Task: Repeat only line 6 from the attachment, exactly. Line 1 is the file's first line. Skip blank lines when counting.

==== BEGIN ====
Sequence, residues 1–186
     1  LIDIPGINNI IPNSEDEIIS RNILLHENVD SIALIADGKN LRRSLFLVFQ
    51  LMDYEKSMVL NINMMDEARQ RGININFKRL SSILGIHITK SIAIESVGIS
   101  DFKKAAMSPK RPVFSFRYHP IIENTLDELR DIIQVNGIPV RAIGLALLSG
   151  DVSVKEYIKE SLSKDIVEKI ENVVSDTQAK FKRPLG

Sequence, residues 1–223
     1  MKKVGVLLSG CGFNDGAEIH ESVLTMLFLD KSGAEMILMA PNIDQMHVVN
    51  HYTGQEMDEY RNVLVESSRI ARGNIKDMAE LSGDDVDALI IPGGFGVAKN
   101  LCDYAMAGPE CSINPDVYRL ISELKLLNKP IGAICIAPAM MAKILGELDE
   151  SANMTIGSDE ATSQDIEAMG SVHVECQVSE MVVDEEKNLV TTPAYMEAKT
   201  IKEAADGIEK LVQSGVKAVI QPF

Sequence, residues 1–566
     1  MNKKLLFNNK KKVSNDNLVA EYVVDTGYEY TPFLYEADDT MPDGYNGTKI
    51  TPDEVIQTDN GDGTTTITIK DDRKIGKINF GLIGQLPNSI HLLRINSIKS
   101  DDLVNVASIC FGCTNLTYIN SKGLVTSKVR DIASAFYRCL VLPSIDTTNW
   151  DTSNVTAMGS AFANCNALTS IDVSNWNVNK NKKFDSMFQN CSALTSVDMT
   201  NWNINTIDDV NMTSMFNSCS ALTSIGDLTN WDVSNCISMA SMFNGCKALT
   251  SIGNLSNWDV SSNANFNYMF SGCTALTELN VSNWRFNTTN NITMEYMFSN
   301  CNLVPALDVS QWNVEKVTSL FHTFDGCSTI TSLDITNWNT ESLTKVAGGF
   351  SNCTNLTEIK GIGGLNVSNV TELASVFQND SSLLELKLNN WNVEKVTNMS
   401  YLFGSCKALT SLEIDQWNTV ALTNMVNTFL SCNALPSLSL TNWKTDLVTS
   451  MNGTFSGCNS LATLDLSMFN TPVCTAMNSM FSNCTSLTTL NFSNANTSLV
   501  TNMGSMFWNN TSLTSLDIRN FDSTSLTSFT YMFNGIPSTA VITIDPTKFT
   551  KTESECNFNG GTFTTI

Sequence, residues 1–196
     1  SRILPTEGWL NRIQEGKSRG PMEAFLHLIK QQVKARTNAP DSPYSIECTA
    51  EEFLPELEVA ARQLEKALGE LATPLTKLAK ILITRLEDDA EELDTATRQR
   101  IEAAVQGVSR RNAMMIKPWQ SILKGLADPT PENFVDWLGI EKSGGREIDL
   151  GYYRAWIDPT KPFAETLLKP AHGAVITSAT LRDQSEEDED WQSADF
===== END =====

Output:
Sequence, residues 1–223